Fight week came months later. At the final press conference three days before the fight, Hopkins would prove he wasn’t just playing around with those flags last time, as some sort of misunderstood publicity stunt. Those calculated insults were meant as serious business. This was the art of mental warfare at its best. And Hopkins is undoubtedly a grand master at it.
The Executioner would humiliate Trinidad again, this time as he announced to the media that he had brought Trinidad’s “last meal.” Boldly, Hopkins strolled over to Trinidad’s seat on the dais and without any regard of any possible consequences, dropped him some bags of rice and beans. It was another confrontational act that drew angry shouts from the Puerto Ricans in the audience. But there was no reaction from Trinidad. Again Trinidad just sat there blankly, not knowing what to do. Whenever Hopkins challenged his manhood, Trinidad never could come up with any sort of counter.
Hopkins went on to inform the media of exactly what would happen in the fight. Only a few believed him. “I’m too much man for Trinidad,” Hopkins declared. “And we’re going to expose that when I take him into deep waters he’s never been in before. Trinidad’s biggest asset is his heart, his will and determination. He won’t quit. The referee’s going to have to save him. Papa Trinidad’s going to have to save him. I would prefer a KO, but his heart is going to lead him to the point that he is going to take so much pain and so much abuse that it’s going to look so easy and one-sided that people are going to be shocked.”
I remember sitting next to his advisor Lou DiBella when Hopkins was telling us all his blueprint for victory. The assured and authoritative tone of Hopkins’ voice was completely convincing. Being in the boxing world for a decade, you can decipher confidence in a fighter’s voice but this was a new unparalleled level I don’t think I’ve ever heard before. I told DiBella, “I think he’s actually gonna win.” And DiBella smiled at my late realization and said something like, “Ahhh, he’s definitely gonna win.”
Finally, at the weigh-in, Hopkins would seize another opportunity to exhibit his almost eerie control over the great, unbeaten Trinidad. The atmosphere was intense as the two warriors stared into each other’s eyes for photographers. Suddenly, Hopkins again took command of the moment. Abruptly, he stepped forward to within inches of Tito and did that throat-slit gesture with his right hand. With stone cold seriousness, he also feigned lifting his head with two hands and throwing it to the crowd. And then Hopkins peered deeply into Tito’s eyes, nodding his head confidently in a smiling, mocking affirmation. Yet again, Trinidad just stood there, frozen in inaction. Frozen in his own tentativeness. Moments later, when the two had been separated, Trinidad could be seen, “…trembling in anger,” as one witness described it.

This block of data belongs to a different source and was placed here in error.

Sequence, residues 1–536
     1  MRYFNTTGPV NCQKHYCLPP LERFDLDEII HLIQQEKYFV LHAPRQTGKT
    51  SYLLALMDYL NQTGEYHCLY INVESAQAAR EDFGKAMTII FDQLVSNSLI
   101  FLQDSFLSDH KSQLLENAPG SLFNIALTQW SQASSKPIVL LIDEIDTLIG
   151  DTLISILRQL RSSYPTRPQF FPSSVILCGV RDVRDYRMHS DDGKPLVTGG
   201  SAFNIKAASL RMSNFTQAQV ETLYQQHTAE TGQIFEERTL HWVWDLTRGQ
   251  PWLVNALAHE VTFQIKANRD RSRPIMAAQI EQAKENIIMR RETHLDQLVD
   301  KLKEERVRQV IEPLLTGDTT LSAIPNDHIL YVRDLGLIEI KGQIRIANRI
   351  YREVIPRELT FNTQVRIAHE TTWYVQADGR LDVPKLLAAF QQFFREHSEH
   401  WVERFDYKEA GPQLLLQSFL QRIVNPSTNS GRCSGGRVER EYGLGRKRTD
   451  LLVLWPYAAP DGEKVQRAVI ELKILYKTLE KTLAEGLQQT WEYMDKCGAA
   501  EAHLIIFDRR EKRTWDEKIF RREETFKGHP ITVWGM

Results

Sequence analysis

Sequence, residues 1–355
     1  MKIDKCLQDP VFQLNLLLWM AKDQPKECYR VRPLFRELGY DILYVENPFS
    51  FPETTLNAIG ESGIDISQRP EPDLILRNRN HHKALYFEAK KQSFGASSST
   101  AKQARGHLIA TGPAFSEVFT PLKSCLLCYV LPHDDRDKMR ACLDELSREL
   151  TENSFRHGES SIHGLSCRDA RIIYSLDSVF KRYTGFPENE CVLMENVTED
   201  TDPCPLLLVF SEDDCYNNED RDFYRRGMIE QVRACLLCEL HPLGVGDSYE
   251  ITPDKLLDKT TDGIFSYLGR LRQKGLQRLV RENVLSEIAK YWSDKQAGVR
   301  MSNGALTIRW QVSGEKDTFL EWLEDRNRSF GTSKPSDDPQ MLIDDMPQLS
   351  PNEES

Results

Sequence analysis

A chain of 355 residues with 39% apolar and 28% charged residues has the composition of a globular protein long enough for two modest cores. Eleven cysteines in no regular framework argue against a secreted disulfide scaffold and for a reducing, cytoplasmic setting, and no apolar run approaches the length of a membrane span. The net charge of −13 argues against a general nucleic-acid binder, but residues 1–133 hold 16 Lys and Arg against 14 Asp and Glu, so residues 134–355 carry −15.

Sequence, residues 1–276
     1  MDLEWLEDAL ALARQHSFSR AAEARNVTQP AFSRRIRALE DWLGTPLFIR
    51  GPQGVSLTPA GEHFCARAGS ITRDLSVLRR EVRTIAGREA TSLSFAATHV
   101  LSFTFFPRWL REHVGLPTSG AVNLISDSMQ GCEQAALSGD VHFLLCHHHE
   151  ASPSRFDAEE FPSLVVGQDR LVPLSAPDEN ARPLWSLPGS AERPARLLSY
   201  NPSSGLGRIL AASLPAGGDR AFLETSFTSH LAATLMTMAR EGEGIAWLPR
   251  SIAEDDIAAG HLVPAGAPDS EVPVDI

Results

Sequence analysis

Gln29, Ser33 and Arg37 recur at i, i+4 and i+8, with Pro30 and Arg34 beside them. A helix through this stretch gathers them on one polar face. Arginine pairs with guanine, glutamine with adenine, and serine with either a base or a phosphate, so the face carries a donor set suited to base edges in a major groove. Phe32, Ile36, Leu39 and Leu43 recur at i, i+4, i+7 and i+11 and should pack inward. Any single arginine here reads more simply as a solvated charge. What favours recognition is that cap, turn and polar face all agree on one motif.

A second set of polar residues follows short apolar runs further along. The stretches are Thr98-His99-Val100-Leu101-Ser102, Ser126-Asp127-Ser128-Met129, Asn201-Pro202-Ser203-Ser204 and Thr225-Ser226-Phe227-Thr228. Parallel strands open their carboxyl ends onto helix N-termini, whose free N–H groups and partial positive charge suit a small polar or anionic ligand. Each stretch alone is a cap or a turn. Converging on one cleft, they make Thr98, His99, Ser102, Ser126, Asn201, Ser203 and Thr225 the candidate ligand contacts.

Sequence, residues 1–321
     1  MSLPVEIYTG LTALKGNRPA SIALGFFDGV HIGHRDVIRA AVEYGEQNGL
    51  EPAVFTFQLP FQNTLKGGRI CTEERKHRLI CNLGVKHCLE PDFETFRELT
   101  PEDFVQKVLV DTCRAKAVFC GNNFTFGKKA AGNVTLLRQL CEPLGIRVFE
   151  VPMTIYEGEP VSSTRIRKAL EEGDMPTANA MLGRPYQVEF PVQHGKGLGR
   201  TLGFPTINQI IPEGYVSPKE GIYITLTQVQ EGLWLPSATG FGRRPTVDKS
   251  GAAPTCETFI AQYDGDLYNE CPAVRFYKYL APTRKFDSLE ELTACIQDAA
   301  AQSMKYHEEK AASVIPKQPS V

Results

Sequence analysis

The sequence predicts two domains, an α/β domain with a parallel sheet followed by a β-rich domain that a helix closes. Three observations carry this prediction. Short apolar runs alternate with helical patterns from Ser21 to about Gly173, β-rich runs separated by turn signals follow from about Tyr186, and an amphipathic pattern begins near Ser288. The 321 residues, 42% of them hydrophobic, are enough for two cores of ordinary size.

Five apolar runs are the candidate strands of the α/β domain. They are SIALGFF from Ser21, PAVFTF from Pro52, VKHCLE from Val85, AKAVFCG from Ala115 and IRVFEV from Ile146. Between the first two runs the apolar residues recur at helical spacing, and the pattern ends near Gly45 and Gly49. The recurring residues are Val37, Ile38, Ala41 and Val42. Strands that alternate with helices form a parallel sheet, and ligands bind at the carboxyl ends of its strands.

As we all know now, of course, the control Hopkins had over Trinidad outside the ring would transfer into the ring. Their Madison Square Garden super fight was one of the greatest boxing performances I’ve ever seen. Hopkins’ victory that night was so monumentally perfect that it should instantly qualify him to all-time great status. Sometimes just a single win can do that, such as Salvador Sanchez against Wilfredo Gomez or Aaron Pryor vs. Alexis Arguello.
“Uneasy lies the head that wears a crown.” – Shakespeare
Since conquering Trinidad, Hopkins has scored a pair of dominant wins over two outclassed mandatory challengers Carl Daniels and Morrade Hakkar. But there’s also been troubles, in the form of lawsuits with his former trainer and advisor. Curiously, the majority of the mainstream media has turned against Hopkins, so symbolically evident when Larry Merchant chastised Hopkins on HBO by asking him if he was “embarrassed” by the survival antics of the overmatched Frenchman Hakkar. Hopkins handled the opening question ambush like it was a punch that he knew was coming. The champion countered perfectly by warning Merchant not to be ignorant of the reality of the situation…that he had to fight Hakkar, otherwise forfeit the WBC belt, and his undisputed champion status.
Hopkins later noted that the media allowed Roy Jones to fight ten “ducks” – like a policeman, garbage man and school teacher before subjecting him to much criticism – yet he fights one mismatch opponent and gets ridiculed for it. Consider this: When Oscar De La Hoya easily beat French mandatory Patrick Charpentier a few years ago…did anyone at HBO ask Oscar if he was “embarrassed” about winning such a mismatch? Did anyone ever ask Roy Jones if he was “embarrassed” at how ineffective Glenn Kelly or John Ruiz were?
“We don’t see things as they are. We see things as we are.” – Anais Nin
Abdul Aziz knows Bernard Hopkins for about a year. He met him through a friend, another Philly fighter named Calvin Davis. Now Aziz is a trusted member of Team Hopkins, in charge of security and other details.